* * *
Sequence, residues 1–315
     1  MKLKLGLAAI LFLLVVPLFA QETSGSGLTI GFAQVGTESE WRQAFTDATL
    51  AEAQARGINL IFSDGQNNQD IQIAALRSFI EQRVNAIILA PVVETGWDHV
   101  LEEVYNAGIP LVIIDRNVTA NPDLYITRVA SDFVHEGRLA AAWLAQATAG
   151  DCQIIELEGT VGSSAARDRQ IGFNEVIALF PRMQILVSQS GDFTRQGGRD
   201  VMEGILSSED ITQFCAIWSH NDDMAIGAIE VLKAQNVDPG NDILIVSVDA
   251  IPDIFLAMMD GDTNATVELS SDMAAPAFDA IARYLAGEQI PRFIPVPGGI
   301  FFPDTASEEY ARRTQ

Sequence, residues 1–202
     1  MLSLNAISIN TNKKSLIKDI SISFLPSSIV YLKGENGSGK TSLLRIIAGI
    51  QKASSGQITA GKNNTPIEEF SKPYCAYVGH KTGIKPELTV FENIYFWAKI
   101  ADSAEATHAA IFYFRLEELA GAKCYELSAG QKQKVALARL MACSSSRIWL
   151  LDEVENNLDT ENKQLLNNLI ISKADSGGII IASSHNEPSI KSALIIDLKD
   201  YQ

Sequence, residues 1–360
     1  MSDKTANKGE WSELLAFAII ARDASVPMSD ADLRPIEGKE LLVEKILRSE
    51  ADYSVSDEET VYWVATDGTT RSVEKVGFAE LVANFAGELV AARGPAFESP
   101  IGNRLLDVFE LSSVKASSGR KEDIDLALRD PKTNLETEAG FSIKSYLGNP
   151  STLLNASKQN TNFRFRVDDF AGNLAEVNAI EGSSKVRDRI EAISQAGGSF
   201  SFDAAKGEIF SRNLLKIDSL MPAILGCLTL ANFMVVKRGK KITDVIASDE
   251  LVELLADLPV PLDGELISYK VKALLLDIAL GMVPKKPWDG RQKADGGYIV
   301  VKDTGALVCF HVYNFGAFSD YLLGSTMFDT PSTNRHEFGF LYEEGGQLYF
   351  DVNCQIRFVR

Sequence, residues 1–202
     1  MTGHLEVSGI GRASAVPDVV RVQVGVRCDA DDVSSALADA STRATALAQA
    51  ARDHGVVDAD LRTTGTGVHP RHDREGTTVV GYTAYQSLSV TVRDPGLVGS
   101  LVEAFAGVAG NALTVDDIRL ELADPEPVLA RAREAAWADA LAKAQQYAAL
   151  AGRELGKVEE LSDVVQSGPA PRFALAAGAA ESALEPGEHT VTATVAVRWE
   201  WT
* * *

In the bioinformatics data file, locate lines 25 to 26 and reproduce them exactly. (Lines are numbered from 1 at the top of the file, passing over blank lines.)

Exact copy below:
     1  MTGHLEVSGI GRASAVPDVV RVQVGVRCDA DDVSSALADA STRATALAQA
    51  ARDHGVVDAD LRTTGTGVHP RHDREGTTVV GYTAYQSLSV TVRDPGLVGS